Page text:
The form asks questions such as primary contact information, the current type of water use related to the well, annual water use and information about the well itself (physical location, county permit number, year installed, depth and ground elevation, among other things).

During public comment, Decker reiterated a previous concern that confusion exists between the form and the requirements a de minimis well owner has.

“The form has places for information that do not pertain to de minimis users at all,” Decker said. He advised there should be instructions to skip over sections that don’t pertain to de minimis users.

The form in Section 3 under “Domestic/Residential Users” allows well owners to check that they are de minimis users or to declare they use more than two acre-feet a year. The latter requires those type of domestic well owners to fill out pumping volume for 2010 to 2014 and for 2018.

A previous section allows well owners to check the box on what the well is used for, whether residential only, residential landscape, agricultural or commercial and industrial.

Decker stressed while the form is suited for general use, it could still be confusing.

“The confusion resulting from having the information requested for metering and so on is simply not important or appropriate for de minimis purpose,” Decker said.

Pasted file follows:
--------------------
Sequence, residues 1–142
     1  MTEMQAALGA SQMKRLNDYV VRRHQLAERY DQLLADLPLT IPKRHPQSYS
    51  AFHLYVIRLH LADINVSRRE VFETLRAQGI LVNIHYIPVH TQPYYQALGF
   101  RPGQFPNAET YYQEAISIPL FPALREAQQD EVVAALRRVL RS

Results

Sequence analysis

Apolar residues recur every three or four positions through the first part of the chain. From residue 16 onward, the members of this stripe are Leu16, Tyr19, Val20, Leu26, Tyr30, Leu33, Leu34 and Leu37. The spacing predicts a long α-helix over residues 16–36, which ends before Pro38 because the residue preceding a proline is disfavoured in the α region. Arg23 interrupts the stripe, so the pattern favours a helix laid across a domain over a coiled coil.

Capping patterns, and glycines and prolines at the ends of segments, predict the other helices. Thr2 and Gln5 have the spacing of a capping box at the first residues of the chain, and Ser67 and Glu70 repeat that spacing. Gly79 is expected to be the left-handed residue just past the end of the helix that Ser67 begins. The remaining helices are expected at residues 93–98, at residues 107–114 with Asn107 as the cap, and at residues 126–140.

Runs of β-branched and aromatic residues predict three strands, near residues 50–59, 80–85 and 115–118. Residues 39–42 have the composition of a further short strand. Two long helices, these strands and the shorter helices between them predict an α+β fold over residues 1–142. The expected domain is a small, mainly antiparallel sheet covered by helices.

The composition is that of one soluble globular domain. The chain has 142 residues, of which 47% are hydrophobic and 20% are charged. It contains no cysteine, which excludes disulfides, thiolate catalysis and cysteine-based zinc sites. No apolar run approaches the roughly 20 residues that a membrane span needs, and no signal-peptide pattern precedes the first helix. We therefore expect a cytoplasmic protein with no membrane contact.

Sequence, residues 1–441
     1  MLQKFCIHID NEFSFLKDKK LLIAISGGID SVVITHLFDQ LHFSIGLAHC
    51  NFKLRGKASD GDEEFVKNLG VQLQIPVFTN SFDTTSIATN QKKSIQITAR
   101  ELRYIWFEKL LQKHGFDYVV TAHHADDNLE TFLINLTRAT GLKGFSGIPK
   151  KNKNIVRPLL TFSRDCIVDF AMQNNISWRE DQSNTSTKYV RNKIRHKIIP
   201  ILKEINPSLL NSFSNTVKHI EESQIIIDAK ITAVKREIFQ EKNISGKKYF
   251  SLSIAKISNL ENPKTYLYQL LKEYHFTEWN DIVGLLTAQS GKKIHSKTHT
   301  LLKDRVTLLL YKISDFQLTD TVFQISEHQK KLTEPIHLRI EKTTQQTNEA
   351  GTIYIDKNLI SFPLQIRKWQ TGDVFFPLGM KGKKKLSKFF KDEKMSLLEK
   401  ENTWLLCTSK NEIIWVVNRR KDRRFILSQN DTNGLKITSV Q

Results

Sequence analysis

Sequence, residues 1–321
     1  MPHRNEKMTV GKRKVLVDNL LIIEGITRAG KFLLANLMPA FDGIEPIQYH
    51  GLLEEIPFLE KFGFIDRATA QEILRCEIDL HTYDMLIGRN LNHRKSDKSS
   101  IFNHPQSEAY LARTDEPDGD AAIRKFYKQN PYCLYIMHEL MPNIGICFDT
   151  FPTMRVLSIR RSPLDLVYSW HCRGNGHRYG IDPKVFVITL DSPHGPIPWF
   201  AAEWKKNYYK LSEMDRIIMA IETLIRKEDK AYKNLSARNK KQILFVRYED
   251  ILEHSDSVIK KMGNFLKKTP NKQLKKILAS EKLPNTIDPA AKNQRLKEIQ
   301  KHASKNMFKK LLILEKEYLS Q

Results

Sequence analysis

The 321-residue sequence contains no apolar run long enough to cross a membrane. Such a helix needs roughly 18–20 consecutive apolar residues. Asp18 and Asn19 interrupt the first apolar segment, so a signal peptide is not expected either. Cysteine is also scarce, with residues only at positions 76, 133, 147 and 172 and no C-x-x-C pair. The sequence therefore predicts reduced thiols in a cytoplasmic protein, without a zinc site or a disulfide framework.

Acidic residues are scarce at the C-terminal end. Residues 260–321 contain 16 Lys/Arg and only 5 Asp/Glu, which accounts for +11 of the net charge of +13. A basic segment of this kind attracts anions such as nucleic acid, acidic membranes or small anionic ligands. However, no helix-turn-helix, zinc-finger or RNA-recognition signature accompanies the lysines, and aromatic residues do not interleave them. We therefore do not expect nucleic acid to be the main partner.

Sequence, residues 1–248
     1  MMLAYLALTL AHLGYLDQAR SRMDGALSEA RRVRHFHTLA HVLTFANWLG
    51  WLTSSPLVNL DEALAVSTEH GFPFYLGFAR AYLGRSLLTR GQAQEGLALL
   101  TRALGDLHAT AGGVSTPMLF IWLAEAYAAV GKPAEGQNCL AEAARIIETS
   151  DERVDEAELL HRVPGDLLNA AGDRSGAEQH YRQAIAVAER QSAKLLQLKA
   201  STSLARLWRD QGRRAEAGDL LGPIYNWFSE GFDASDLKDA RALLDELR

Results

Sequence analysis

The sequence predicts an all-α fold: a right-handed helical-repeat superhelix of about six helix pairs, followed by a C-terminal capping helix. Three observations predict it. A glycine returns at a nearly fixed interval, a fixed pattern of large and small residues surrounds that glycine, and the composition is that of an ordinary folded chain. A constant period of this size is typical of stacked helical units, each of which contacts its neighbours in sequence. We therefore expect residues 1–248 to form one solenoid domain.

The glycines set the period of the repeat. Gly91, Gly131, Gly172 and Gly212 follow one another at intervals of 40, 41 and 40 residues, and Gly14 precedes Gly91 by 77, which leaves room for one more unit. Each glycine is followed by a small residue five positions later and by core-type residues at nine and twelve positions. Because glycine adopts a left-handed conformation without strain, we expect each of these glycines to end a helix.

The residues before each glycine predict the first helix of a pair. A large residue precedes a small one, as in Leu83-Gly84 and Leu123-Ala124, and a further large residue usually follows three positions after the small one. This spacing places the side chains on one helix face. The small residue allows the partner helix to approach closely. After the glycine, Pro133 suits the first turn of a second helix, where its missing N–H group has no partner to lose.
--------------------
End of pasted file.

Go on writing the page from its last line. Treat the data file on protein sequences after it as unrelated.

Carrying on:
Ridgecrest resident Nick Panzer, who sits on the policy advisory committee, said he sees the registration form as all-encompassing.

“Certainly it covers de minimis users, but it also is intended to cover the additional information that the GA would need to regulate the amount of pumping by class,” he said. “I don’t think we have enough water for every de minimis user to take two-acre feet a year.”

He added that the particular issue should be addressed by the IWVGA board as an important aspect.

He said everything in the form is necessary.

Kicinski agreed with Panzer that information asked for in the registration form will be critical. He also agreed that people could seem overwhelmed when first receiving it.

“It is a tough decision by our water resources manager and his group,” Kicinski said. “How do you come up with a form that gets us the information we need but doesn’t appear so complicated that people don’t want to fill it out? I don’t have the answer to that; I believe there may be a way (to do that).”

Kicinski added that he feels most people are capable enough to fill out the form or make a phone call to ask about it.

“It is important that we gather this information,” he said. “The more information, the better.”

Phil Hall, Kern County’s deputy general counsel, noted that if someone checks the ‘de minimis user’ box, then for general purposes they are done with the form, aside from a name, address of well, and contact information.

Kern County First District Supervisor Mick Gleason, who represents Kern County on the board, said he doesn’t’ see an issue in the form.

“All I want to do is get to first base, I’m not interested in a home run,” he said. “I’m trying to get information and let people know they need to do certain things in order to comply with SGMA.”

Gleason added he would like to see something more simple, but agreed with the board approval.

Kicinski asked for a modification to the form to include wording based on Hall’s information.